Keeping Pacific tuna fish stocks from overexploitation
29 May 2007
"In the southeast Atlantic, the Southeast Pacific, the Northeast Atlantic and the high seas tuna fishing grounds in the Atlantic and Indian Oceans, half to two thirds of tuna stocks are overexploited, depleted, or recovering," Fisheries Minister Jim Anderton said today.
Speaking at a dinner for the Pacific Islands Fisheries Forum Committee, which is meeting all this week in Wellington, he underlined how important it is for members of the Fisheries Forum to work together to protect the resource in the central and western Pacific.
"We are in charge of the world’s last big tuna resource. The capture potential of the world’s oceans has reached its ceiling. The oceans need more cautious and effective fisheries management, and we are connected by our responsibility to play our part in our corner of the globe," Jim Anderton said.
"This resource is the economic engine driving many Pacific Island economies," he said, and went on to talk of the major challenge for all the member countries to ensure that fish are taken legally and reported properly.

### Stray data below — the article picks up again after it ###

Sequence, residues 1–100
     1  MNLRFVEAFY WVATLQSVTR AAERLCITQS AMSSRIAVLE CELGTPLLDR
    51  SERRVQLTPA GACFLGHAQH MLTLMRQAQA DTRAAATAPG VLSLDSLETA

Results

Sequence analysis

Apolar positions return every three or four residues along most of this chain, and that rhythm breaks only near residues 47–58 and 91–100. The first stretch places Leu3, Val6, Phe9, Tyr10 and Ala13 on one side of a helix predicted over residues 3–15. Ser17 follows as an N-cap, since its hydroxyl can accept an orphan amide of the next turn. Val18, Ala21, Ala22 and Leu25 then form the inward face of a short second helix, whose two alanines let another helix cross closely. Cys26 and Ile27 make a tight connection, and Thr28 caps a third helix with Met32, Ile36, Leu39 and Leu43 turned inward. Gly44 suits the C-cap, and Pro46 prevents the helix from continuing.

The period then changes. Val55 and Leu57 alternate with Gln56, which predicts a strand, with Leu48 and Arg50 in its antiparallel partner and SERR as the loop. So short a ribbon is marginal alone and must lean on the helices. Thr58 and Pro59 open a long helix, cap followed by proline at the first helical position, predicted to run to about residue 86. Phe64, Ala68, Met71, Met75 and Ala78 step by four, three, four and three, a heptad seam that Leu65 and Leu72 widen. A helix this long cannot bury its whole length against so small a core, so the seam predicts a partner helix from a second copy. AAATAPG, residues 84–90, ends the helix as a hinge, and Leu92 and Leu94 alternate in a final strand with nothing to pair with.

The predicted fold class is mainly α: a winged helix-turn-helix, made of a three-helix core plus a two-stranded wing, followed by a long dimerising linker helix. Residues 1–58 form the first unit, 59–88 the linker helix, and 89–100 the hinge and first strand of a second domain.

"One step we can take is to make sure only legal and reported fish are traded throughout the world. So we need to get rid of ports-of-refuge for illegal, unreported and unregulated (IUU) vessels. We need disincentives to illegal fishing," Jim Anderton said. A binding agreement for port state measures will help to make ports unattractive for IUU vessels to visit.
"But the way we will benefit most is by our ability to work together for our mutual benefit. We have a lot of work to do to ensure we capture more of the value from our resource and to ensure we protect it for the future."
Read the Minister's speech in full